$$\begin{aligned} {\hat{\upalpha }}_{n}({\mathbf {x}}) = \displaystyle \sum _{i=1}^{N_{\mathrm {exp}}} w_{n,i} g_{n,i}({\mathbf {x}}) \end{aligned}$$
(21)
One radial basis function is placed at the coordinate of each sample point in the input parameter space. The weights of the basis functions can be determined exactly, as the amplitudes are known at this same number of coordinates. To find the unknown weights all RBFs can be evaluated at the initial sample points \({\mathbf {x}}_i\) and collected in an \(N_\mathrm {exp} \times N_\mathrm {exp}\) interpolation matrix \({\mathbf {G}}_n\) [31].
The weights in equation (21) can be solved by setting \( {\hat{\upalpha }}_n({\mathbf {x}}_i) = \alpha _{in}\) leading to:
$$\begin{aligned} {\mathbf {w}}_n^T = \varvec{\upalpha }^T_n {\mathbf {G}}_n^{1} \end{aligned}$$
(23)
Postprocessing
When the amplitudes corresponding to all K basis vectors are interpolated the continuous approximation in a preprocessed basis reads:
$$\begin{aligned} \hat{{\mathbf {y}}}^{[K,*]}({\mathbf {x}}) = \displaystyle \sum _{n=1}^{K} \varvec{\upvarphi }_{n,*} {\hat{\upalpha }}_{n,*}({\mathbf {x}}) \end{aligned}$$
(24)
To construct the final surrogate model, the approximation in the truncated basis must be mapped back to the same form as the initial snapshot matrix. The function that reverses the applied preprocessing method is called the postprocessing function and is denoted with \(f_*^{1}(\cdot )\). The interpolated result vector can be written as:
$$\begin{aligned} \hat{{\mathbf {y}}}^{[K]}_*({\mathbf {x}}) = f_*^{1}(\hat{{\mathbf {y}}}^{[K,*]}({\mathbf {x}}))= f_*^{1}\left( \sum \limits _{n=1}^K \varvec{\upvarphi }_{n,*} {\hat{\upalpha }}_{n,*}({\mathbf {x}}) \right) \end{aligned}$$
(25)
The surrogate model with K basis vectors from the zero centered snapshot matrix can be written as:
$$\begin{aligned} \hat{{\mathbf {y}}}_0^{[K]}({\mathbf {x}}) = \bar{{\mathbf {y}}} + \sum \limits _{n=1}^K \varvec{\upvarphi }_{n,0} {\hat{\upalpha }}_{n,0}({\mathbf {x}}) \end{aligned}$$
(26)
The surrogate model with K basis vectors from the zero centered and scaled snapshot matrix can be written as:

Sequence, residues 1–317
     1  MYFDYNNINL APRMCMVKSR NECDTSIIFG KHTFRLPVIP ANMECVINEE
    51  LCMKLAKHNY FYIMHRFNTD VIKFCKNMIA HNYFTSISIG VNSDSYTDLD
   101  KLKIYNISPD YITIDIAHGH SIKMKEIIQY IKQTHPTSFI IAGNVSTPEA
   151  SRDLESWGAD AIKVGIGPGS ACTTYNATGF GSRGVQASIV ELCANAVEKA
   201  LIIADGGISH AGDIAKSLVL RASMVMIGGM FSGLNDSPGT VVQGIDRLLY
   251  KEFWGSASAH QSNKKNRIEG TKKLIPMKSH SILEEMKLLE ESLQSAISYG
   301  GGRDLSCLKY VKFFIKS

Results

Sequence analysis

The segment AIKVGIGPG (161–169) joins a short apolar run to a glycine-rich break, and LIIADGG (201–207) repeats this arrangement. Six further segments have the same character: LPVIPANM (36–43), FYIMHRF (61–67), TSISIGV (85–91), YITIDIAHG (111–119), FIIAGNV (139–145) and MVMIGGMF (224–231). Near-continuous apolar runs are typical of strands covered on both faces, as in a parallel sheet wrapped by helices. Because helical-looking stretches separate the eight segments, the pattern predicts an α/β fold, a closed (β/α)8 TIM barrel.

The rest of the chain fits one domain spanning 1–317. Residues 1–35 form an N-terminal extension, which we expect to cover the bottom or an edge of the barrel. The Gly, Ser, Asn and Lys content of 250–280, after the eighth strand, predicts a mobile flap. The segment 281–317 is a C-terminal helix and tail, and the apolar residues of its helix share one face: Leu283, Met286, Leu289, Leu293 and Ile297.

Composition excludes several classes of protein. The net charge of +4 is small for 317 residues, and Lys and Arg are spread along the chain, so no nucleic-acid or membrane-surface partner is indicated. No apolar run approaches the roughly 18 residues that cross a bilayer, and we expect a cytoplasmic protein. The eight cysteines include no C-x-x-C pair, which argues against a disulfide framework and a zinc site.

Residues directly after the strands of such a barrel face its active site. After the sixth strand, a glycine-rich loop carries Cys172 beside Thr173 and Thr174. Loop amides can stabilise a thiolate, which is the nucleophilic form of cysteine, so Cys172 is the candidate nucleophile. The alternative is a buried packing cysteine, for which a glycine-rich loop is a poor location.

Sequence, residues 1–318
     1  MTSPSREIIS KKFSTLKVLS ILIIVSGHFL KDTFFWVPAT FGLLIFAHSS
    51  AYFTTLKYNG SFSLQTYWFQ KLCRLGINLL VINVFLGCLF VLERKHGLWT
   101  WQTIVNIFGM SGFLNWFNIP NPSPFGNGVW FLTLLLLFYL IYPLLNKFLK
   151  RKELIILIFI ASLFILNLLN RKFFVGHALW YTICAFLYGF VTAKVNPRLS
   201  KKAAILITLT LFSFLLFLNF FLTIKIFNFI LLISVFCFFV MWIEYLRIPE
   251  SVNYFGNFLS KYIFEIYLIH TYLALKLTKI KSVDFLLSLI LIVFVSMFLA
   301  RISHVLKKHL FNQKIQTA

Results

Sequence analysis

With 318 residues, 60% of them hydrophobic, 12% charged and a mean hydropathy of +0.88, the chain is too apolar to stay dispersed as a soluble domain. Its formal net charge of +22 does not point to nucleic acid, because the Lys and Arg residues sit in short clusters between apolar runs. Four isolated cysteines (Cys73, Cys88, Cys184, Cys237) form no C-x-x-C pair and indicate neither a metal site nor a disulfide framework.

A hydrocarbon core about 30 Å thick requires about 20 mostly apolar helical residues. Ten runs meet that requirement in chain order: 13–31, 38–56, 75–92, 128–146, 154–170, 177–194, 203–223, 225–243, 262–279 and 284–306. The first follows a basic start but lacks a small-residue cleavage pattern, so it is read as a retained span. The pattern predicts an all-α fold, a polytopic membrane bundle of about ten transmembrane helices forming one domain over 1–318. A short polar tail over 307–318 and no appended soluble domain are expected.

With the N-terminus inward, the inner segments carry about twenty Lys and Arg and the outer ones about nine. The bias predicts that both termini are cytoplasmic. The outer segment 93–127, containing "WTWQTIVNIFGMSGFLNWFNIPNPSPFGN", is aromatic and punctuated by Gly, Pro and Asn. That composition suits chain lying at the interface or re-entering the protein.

$$\begin{aligned} \hat{{\mathbf {y}}}_\mathrm {{scaled}}^{[K]}({\mathbf {x}}) = \bar{{\mathbf {y}}} + \left( \sum \limits _{n=1}^K \varvec{\upvarphi }_{n,\mathrm {scaled}} {\hat{\upalpha }}_{n,\mathrm {scaled}}({\mathbf {x}}) \right) \oslash {\mathbf {s}} \end{aligned}$$
(27)
In which \(\oslash \) is the Hadamard division, respresenting element wise division and \({\mathbf {s}}\) is the \(M\times 1\) scaling vector with \(M_\mathrm {u}\) entries \(s_\mathrm {u}\), \(M_\upvarepsilon \) entries \(s_\upvarepsilon \) and \(M_\upsigma \) entries \(s_\upsigma \) which are calculated based on equation (6).
The surrogate model with K basis vectors from the zero centered separate snapshot matrices can be written as:
$$\begin{aligned} \hat{{\mathbf {y}}}_\mathrm {sep}^{[K]}({\mathbf {x}}) = \left\{ \begin{array}{c} \left\{ \hat{{\mathbf {y}}}^{[K]}_\mathrm {u}({\mathbf {x}}) \right\} \\ \left\{ \hat{{\mathbf {y}}}^{[K]}_\upvarepsilon ({\mathbf {x}}) \right\} \\ \left\{ \hat{{\mathbf {y}}}^{[K]}_\upsigma ({\mathbf {x}}) \right\} \\ \end{array}\right\} = \left\{ \begin{array}{c} \left\{ \overline{{\mathbf {y}}}_\mathrm {u} + \sum \limits _{n=1}^K \varvec{\upvarphi }_{n,\mathrm {u}} {\hat{\upalpha }}_{n,\mathrm {u}}({\mathbf {x}}) \right\} \\ \left\{ \overline{{\mathbf {y}}}_\upvarepsilon + \sum \limits _{n=1}^K \varvec{\upvarphi }_{n,\upvarepsilon } {\hat{\upalpha }}_{n,\upvarepsilon }({\mathbf {x}}) \right\} \\ \left\{ \overline{{\mathbf {y}}}_\upsigma + \sum \limits _{n=1}^K \varvec{\upvarphi }_{n,\upsigma } {\hat{\upalpha }}_{n,\upsigma }({\mathbf {x}}) \right\} \\ \end{array} \right\} \end{aligned}$$
(28)
When separate snapshot matrices are used a different number of basis vectors in the truncated basis K can be chosen for each physical part. Note that, when using separate bases for each physical quantity, one surrogate model must be fitted per basis vector per physical quantity, whereas the other decomposition methods require fitting of only one surrogate model per basis vector for all physical quantities together.
The surrogate model with K basis vectors from the zero centered snapshot matrix that is assembled from the strain field can be written as:
$$\begin{aligned} \hat{{\mathbf {y}}}_{(\upvarepsilon )}^{[K]}({\mathbf {x}}) = \bar{{\mathbf {y}}} + \sum \limits _{n=1}^K \varvec{\upvarphi }_{n,(\upvarepsilon )} {\hat{\upalpha }}_{n,(\upvarepsilon )}({\mathbf {x}}) \end{aligned}$$
(29)